I went for my usual morning beach walk on Saturday (June 25, 2022), and spied from a distance what to me seemed to be an unusual shore bird at the edge of the Atlantic ocean.
It watched me coming out of the corner of its eye, and calmly walked up the seaweed-littered berm that lead to the beach proper.
Meanwhile, a joyriding helicopter suddenly popped out of nowhere and circled overhead — blithely ignoring that this is a protected nature preserve area.
I was able to get close enough to take a better picture of this mystery bird, even though I still have not mastered how to take zoon pictures of birds (with the Galaxy 8 that I was using) that show any kind of feather detail.
The bird — a type of heron, maybe? — finally had enough of me being that near, and flew away.
Here’s the first sequence of snaps that I took of it.
It returned moments later. I saw why soon enough. It had located prey.
Entranced, I watched as it methodically extracted a Ghost Crab from its burrow, sauntered over to the swash zone, where gentle waves were lapping the beach face.
Finally this mysterious grey-bodied bird swallowed the helpless crab in a few gulps, it’s small head tilted back, and its long beak in the air.
Here’s the sequence.
I don’t recall ever having seen this type of shorebird before.
I walked further down the shore for about an hour, almost to the island beach cams, before taking a dip in a shallow trough by the shoreline to cool off.
I have on occasion seen small reef shark chase fish into these troughs, but have yet to see any sign of them this summer — indeed I have not even seen a single school of small fish, which used to be abundant in these waters, and not one dolphin in the distance in all the days I have come here for the last few weeks.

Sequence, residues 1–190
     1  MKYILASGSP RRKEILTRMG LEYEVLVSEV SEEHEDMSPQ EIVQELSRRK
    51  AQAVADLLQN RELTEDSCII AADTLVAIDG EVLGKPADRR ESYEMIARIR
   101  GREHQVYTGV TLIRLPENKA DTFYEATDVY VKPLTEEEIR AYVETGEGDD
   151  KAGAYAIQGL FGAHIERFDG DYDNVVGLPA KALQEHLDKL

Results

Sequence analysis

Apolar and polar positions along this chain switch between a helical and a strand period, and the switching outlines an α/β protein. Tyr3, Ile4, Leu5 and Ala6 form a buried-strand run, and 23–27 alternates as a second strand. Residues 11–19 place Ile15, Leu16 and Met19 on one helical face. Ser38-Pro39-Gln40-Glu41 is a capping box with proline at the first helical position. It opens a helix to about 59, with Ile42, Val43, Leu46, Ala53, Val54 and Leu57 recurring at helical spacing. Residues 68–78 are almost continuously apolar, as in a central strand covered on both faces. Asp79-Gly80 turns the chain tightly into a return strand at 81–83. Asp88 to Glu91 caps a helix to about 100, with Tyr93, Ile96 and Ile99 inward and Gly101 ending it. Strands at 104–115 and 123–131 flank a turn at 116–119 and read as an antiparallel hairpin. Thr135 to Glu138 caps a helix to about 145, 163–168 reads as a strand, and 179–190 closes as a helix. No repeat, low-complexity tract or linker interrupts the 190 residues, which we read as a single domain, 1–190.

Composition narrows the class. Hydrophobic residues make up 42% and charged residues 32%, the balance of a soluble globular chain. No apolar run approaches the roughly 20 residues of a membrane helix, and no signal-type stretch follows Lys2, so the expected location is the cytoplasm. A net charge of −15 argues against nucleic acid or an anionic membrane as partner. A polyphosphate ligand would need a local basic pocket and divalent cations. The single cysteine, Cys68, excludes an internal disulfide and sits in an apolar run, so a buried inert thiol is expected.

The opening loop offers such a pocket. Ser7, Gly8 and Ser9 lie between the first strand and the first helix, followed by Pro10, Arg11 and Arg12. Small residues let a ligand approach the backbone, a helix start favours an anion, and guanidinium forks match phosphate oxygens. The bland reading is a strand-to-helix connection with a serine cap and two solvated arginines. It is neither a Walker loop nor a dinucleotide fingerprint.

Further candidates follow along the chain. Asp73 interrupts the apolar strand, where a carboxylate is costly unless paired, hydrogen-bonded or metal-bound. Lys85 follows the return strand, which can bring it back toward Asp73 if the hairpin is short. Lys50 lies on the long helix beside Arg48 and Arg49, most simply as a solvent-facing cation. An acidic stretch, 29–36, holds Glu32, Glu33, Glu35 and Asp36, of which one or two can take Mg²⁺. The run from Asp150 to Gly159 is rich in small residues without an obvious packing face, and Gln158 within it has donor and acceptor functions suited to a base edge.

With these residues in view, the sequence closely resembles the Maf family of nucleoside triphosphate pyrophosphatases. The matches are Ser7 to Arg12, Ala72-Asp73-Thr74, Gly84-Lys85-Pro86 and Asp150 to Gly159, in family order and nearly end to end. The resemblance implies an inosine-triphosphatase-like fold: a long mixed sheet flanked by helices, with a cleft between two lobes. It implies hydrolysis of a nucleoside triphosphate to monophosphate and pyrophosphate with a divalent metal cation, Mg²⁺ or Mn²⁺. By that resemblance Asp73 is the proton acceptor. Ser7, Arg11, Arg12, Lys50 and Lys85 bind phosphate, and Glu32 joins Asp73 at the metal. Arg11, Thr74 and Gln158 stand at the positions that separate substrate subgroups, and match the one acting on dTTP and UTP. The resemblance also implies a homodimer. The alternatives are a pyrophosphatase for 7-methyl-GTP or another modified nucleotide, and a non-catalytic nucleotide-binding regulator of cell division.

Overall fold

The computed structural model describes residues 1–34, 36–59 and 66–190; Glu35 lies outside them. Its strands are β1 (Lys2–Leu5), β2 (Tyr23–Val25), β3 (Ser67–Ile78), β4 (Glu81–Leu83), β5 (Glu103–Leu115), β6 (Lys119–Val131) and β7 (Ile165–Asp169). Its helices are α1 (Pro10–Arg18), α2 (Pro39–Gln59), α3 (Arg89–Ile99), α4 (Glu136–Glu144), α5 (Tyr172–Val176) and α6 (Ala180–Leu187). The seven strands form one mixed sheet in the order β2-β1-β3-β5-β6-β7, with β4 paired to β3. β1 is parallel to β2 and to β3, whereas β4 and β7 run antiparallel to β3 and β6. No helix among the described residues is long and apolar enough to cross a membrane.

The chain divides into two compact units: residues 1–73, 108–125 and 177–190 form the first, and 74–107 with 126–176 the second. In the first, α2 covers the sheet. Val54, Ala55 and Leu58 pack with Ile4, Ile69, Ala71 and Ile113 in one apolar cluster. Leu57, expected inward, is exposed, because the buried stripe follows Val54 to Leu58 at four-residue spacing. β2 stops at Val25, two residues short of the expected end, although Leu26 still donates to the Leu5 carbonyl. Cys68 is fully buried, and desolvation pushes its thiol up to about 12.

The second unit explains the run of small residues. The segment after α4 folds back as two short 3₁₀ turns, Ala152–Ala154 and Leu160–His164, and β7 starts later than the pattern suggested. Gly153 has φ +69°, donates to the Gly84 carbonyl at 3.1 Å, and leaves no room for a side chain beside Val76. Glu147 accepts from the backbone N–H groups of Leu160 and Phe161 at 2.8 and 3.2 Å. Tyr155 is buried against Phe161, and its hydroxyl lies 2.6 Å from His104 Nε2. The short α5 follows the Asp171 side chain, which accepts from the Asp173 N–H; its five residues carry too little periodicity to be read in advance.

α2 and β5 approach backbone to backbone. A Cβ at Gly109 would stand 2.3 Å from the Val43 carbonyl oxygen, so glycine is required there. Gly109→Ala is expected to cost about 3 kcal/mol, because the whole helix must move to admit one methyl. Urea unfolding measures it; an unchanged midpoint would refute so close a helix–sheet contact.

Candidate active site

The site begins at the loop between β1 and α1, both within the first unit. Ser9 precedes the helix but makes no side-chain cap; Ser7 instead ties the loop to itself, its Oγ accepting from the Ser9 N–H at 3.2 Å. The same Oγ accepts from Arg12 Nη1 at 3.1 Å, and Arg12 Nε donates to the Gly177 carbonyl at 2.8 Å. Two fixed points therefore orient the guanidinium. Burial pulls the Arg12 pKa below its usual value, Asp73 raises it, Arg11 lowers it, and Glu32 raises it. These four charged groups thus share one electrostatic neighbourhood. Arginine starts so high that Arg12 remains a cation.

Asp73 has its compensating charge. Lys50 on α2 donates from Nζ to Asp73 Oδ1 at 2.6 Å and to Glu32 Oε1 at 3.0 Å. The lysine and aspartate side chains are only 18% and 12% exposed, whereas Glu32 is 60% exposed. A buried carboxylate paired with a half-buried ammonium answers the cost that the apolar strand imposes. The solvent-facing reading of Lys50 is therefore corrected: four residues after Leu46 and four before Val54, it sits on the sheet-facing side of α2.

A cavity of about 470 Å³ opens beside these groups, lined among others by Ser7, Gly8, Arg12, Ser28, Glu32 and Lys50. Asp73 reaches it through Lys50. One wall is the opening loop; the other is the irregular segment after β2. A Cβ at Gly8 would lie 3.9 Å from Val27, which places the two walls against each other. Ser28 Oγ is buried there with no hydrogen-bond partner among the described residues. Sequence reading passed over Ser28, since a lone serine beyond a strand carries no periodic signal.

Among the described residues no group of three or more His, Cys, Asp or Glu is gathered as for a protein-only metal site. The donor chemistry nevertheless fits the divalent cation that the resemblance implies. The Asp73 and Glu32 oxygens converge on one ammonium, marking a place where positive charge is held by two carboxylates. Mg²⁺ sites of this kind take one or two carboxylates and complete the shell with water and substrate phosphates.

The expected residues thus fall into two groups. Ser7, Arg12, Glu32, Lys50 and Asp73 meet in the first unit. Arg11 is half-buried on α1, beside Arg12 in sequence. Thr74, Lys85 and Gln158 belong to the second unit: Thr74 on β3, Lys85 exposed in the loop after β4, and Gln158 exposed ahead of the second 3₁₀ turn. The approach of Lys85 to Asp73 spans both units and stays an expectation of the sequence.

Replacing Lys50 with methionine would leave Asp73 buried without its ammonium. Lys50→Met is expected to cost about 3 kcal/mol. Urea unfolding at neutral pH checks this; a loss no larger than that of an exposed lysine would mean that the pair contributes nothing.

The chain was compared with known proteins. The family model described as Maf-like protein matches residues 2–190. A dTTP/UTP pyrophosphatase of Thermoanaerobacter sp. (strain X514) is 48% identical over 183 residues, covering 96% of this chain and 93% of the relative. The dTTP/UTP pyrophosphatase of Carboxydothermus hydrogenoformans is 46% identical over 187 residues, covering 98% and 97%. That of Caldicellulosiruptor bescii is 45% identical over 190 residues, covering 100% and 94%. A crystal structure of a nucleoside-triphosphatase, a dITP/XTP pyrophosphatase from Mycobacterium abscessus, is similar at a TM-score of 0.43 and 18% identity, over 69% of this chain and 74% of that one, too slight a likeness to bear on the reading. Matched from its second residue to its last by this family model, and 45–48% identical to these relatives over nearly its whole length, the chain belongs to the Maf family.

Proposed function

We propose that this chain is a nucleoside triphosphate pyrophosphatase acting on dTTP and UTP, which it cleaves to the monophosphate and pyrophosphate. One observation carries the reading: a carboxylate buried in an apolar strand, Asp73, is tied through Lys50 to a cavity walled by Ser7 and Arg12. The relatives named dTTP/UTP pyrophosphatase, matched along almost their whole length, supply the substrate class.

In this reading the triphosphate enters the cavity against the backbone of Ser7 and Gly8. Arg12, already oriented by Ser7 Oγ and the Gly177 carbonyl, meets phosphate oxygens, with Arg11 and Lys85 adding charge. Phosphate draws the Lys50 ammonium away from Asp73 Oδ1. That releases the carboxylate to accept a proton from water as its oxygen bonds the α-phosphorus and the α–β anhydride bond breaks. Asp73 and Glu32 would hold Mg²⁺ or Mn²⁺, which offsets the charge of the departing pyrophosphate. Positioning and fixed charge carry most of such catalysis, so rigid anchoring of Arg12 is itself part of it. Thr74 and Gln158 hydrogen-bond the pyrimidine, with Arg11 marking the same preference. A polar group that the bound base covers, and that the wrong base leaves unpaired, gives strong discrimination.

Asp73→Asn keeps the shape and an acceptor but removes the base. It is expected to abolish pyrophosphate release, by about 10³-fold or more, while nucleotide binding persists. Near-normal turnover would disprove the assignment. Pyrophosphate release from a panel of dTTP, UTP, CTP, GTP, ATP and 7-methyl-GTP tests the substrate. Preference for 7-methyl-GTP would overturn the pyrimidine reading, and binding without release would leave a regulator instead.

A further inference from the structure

What I’ve consistently liked about this isolated stretch of sand and scrub is that it is fairly wild and deserted here. Not many tourists, or even locals, have the stamina, strength or desire to walk for mile on an empty shoreline that is the last vestige of what Florida’s east coast used to look like.
Their loss; my gain.
On the walk back, I came across a willet looking for its breakfast.
Later, upon returning home, I tried to identify the mystery bird, but could not find an exact match.
Maybe a reader who happens to come across this post can help me out in that regard.*
*After some research on the All About Birds web site, I decided that this bird was most likely the commonly-seen
Part of the problem with the hand-me-down Galaxy S8 camera I’m currently using is its zoom feature that results in blurry pics.
You simply do not see any detail, which is a challenge, given that a shorebird is unlikely to let you get close enough to it to take a great picture using a smartphone. I am going to compare, however, the quality one gets with an iPhone 12, though this article does not seem to be encouraging, even with an iPhone Pro 13.
If I decide to get serious about this, I need to educate myself on taking great pics of wildlife, and a real camera — if I am ever to get better pics of my Florida shorebirds, especially close-up pics of my beloved osprey in full dive bomb flight. But am I willing to spend the money on this bulky gear?
Also there might be better resolution if WP detects a retinal display. At least that is what WP claims. I will test this out on my wife’s iPro.
Lastly, I may need a better site than WordPress for displaying my pics. WP might silently be doing too much, er, “automatic” (WordPress’s parent company is called Automattic) compression under the hood to display the kind of feather detail I am after in these pics.
For example, here is how the pic of the heron flying away the second time appears on a trial site I just created on Smugmug.
Is it my imagination, or is the Smugmug version (even in full-screen mode) NOT noticeably sharper than WP?